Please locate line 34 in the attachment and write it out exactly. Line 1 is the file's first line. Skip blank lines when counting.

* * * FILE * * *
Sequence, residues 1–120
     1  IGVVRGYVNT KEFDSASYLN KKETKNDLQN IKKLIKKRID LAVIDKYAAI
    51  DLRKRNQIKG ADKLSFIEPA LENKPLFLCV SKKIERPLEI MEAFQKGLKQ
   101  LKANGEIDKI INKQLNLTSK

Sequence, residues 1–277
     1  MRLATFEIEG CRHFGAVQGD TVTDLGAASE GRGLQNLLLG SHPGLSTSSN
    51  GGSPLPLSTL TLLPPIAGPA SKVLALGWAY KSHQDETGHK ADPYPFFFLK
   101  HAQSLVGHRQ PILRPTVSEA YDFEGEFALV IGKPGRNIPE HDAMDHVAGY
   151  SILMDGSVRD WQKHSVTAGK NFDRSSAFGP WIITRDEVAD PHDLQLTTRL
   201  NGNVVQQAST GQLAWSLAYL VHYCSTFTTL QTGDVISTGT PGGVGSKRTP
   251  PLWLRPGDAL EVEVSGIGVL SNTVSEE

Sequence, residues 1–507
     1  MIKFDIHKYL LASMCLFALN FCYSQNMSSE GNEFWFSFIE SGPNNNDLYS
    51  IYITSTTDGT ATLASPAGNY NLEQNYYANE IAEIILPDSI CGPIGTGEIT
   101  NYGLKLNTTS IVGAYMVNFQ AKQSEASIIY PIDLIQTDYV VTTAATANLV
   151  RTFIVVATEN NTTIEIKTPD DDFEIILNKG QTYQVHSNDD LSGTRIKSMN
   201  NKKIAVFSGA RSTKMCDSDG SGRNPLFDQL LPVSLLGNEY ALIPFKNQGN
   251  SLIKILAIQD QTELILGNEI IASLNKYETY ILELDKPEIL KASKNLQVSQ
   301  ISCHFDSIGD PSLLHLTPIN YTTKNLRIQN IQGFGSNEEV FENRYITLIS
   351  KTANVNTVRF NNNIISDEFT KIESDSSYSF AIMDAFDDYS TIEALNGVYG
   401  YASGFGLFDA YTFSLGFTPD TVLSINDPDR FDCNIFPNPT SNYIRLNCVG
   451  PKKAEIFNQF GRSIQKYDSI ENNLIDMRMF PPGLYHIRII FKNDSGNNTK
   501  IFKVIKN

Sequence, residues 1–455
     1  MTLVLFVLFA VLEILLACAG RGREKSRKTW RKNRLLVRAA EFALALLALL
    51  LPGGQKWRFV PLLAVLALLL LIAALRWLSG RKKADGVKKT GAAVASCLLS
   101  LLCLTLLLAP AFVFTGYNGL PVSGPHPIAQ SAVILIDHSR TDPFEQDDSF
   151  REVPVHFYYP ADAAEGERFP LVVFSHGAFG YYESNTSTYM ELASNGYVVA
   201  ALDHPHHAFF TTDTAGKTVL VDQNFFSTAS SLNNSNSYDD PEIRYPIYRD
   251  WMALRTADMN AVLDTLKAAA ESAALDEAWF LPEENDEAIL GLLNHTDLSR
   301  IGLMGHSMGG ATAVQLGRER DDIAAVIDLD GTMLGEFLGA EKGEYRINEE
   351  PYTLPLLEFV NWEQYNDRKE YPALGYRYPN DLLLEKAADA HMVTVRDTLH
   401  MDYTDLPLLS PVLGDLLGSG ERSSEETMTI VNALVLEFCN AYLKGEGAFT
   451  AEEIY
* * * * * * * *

   451  AEEIY